infection is iNOS dependent (31, and Bogdan, C., personal communication). Our results, however, do not exclude the possibility that the observed differences in both the L-NIL– treated rats and the iNOS knockout mice are due to some degree on changes in organ perfusion and oxygen delivery resulting from reduced NO availability.
NO is known to act as a signaling molecule in other circumstances either by activation of soluble guanylyl cyclase resulting in elevated cyclic guanosine 3′,5′ monophosphate (cGMP; reference 32
) or through S
-nitrosylation of proteins containing cysteine residues (33
). Significant differences in cytokine mRNA levels (14
) and transcriptional factor activation (25
) between the shock and sham groups was seen only after resuscitation, indicating that reperfusion was required. This suggests that redox-sensitive mechanisms were responsible for the NO-mediated signaling. Lander et al. (6
) have shown that NO activates p21ras
-nitrosylation and that this occurs more efficiently in human T cells subjected to oxidative stress. Downstream events include p38 kinase activation (35
) and NF-κB activation. In hemorrhagic shock, tissues are subjected to redox stress by hypoxia and oxygen radical production making S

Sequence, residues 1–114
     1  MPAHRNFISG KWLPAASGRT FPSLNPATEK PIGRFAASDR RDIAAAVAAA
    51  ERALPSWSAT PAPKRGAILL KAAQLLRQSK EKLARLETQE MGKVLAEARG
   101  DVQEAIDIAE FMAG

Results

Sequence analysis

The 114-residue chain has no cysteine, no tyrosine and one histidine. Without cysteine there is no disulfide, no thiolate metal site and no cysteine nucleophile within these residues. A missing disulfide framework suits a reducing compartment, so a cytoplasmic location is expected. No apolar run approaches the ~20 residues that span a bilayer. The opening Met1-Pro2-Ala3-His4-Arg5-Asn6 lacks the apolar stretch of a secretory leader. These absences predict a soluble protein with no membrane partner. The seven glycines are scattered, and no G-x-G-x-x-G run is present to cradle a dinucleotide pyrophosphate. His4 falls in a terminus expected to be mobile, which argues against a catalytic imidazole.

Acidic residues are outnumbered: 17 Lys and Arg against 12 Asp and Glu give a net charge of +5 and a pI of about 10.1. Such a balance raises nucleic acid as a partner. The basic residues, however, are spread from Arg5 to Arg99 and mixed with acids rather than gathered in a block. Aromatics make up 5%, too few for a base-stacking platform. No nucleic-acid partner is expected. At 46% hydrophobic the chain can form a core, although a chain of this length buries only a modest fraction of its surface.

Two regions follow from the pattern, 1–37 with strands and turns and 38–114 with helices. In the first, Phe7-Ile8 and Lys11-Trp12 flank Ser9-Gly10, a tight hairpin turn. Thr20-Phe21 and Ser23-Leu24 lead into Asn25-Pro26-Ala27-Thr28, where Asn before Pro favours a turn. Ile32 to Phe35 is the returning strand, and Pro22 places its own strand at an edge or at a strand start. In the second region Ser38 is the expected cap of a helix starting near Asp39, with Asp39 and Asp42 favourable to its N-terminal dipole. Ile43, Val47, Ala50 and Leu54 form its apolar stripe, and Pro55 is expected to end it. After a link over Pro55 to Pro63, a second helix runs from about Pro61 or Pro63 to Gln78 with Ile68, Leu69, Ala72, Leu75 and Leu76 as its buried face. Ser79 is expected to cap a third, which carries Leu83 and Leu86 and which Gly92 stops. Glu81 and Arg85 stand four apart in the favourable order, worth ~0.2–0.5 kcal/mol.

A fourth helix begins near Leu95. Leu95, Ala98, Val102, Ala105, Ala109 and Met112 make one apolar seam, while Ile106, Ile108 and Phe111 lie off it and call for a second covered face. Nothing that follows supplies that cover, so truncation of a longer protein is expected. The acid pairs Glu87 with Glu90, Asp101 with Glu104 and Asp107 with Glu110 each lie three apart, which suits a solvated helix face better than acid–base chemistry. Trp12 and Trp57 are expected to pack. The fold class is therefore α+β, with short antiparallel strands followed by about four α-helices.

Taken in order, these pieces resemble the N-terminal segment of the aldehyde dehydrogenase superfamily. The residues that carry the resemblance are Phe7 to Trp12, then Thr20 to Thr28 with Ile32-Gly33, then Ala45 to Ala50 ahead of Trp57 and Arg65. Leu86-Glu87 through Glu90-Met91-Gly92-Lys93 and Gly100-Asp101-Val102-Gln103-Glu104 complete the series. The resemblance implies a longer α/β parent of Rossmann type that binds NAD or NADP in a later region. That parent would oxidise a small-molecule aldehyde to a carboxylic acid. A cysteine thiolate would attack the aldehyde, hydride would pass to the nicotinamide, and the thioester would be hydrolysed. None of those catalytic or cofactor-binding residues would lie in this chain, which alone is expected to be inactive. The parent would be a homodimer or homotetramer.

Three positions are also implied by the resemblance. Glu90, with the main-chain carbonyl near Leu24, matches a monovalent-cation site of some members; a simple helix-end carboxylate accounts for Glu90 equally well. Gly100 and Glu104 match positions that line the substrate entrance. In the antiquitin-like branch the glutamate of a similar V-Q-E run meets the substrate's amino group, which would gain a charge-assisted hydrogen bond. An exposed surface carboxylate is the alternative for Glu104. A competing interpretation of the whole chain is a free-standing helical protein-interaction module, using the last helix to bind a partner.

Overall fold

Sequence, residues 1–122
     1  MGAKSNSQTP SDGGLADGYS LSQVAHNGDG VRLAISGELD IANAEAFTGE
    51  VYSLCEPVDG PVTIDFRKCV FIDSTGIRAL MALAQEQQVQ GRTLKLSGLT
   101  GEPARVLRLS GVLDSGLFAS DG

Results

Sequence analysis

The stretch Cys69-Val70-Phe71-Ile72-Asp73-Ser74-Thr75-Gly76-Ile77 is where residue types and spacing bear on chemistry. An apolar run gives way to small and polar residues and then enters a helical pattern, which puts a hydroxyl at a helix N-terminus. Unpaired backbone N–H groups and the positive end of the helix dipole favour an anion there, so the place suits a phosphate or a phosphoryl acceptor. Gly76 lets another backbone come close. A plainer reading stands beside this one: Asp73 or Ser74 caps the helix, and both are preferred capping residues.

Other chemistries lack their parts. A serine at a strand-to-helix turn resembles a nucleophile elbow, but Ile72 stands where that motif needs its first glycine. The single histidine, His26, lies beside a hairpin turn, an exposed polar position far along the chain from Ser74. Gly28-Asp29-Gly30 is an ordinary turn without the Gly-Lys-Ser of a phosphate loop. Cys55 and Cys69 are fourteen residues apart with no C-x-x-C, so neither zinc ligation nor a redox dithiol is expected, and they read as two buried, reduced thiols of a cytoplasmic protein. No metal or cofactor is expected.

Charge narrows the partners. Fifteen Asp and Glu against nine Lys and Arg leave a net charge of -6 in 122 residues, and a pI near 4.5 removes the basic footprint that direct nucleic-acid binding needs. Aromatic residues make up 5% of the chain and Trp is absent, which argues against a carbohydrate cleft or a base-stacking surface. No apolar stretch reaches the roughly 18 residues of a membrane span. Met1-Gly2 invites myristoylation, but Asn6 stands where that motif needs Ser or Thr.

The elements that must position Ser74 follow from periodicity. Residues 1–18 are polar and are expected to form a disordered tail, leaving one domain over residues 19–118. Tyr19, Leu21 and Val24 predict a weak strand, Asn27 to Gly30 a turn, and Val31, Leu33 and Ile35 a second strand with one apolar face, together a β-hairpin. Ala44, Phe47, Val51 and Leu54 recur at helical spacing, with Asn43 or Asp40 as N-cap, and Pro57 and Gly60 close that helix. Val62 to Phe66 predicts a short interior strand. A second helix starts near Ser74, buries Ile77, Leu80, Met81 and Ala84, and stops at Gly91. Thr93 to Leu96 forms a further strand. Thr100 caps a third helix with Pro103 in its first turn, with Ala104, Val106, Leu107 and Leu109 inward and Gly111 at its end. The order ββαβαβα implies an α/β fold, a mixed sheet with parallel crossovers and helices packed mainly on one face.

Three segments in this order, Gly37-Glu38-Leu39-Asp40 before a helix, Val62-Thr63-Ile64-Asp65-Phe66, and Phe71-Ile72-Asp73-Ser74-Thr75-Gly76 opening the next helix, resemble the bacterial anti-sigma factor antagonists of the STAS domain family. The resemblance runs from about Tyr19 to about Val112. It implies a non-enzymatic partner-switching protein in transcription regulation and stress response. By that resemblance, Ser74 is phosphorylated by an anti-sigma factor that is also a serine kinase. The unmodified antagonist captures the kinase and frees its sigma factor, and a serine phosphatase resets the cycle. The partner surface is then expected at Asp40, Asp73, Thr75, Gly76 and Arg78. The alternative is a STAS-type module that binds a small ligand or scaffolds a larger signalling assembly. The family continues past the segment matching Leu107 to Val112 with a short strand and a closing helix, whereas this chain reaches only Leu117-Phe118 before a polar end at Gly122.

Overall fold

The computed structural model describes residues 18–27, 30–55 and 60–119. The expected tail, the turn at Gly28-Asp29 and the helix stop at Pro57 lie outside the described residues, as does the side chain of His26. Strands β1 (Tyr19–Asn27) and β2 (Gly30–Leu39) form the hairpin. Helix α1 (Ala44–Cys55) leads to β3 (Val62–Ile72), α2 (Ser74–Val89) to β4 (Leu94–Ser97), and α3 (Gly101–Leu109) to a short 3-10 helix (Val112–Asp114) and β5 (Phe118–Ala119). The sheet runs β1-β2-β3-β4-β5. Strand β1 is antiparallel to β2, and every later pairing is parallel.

-nitrosylation of p21ras
a reasonable candidate mechanism. A recent report demonstrates a role for increased phosphatidic acid in the signaling cascade involved in macrophage cytokine synthesis after hemorrhagic shock in mice (36
). A relationship between phosphatidic acid and NO is not apparent at this time.
We have previously shown that nonspecific NO synthase inhibition increases organ injury in hemorrhagic shock (37
), whereas here we show that the suppression of inflammation associated with selective iNOS inhibition results in a decrease in lung and liver injury. Taken together, the findings suggest that constitutive NOS is protective, but that the quantities of NO generated by iNOS cause injury. Our results suggest that organ damage in hemorrhagic shock is due, at least in part, to the proinflammatory action of NO. NO in combination with superoxide forms peroxynitrite, which could exert direct tissue toxicity. The results in hemorrhagic shock are contrasted by the observations in endotoxemia where the role of iNOS is less clear. iNOS knockout mice treated with high-dose endotoxin showed no difference in end organ damage when compared with their wild-type counterparts (11
). More recently, we have shown that iNOS inhibition during endotoxemia increases apoptosis in the liver without necrosis (38
). Difference between endotoxemia and hemorrhagic shock may be related to the higher levels of superoxide production and greater oxidant stress in the latter.
Approaches to remove NO in hemorrhagic shock could have therapeutic benefit. Patients suffering severe or sustained hemorrhagic shock after trauma or due to other causes of bleeding (e.g., ruptured aortic aneurysm) can develop organ injury and dysfunction. Our results indicate that selective inhibition of iNOS may be a reasonable approach. Alternatively, NO scavengers may also preserve adequate levels of NO needed to maintain perfusion while removing the excess NO which promotes inflammation and tissue injury.